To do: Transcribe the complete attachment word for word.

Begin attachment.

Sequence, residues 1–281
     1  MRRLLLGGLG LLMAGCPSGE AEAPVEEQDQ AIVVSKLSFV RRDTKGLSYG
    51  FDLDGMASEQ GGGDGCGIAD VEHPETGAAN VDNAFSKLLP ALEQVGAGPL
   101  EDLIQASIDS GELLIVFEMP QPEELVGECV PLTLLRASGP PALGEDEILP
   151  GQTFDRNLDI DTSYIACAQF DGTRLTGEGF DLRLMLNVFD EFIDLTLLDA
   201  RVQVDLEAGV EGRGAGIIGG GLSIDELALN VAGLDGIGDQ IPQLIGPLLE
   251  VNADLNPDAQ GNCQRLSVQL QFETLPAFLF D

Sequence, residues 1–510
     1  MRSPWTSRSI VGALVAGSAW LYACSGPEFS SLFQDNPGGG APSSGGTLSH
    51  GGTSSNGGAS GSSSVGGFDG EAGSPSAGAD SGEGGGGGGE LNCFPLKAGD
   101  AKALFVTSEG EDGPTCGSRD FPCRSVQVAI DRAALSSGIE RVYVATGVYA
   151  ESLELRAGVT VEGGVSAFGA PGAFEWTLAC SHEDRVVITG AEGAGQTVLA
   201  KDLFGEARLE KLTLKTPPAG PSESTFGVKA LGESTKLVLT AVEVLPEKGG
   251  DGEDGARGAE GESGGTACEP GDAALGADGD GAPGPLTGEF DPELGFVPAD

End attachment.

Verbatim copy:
Sequence, residues 1–281
     1  MRRLLLGGLG LLMAGCPSGE AEAPVEEQDQ AIVVSKLSFV RRDTKGLSYG
    51  FDLDGMASEQ GGGDGCGIAD VEHPETGAAN VDNAFSKLLP ALEQVGAGPL
   101  EDLIQASIDS GELLIVFEMP QPEELVGECV PLTLLRASGP PALGEDEILP
   151  GQTFDRNLDI DTSYIACAQF DGTRLTGEGF DLRLMLNVFD EFIDLTLLDA
   201  RVQVDLEAGV EGRGAGIIGG GLSIDELALN VAGLDGIGDQ IPQLIGPLLE
   251  VNADLNPDAQ GNCQRLSVQL QFETLPAFLF D

Sequence, residues 1–510
     1  MRSPWTSRSI VGALVAGSAW LYACSGPEFS SLFQDNPGGG APSSGGTLSH
    51  GGTSSNGGAS GSSSVGGFDG EAGSPSAGAD SGEGGGGGGE LNCFPLKAGD
   101  AKALFVTSEG EDGPTCGSRD FPCRSVQVAI DRAALSSGIE RVYVATGVYA
   151  ESLELRAGVT VEGGVSAFGA PGAFEWTLAC SHEDRVVITG AEGAGQTVLA
   201  KDLFGEARLE KLTLKTPPAG PSESTFGVKA LGESTKLVLT AVEVLPEKGG
   251  DGEDGARGAE GESGGTACEP GDAALGADGD GAPGPLTGEF DPELGFVPAD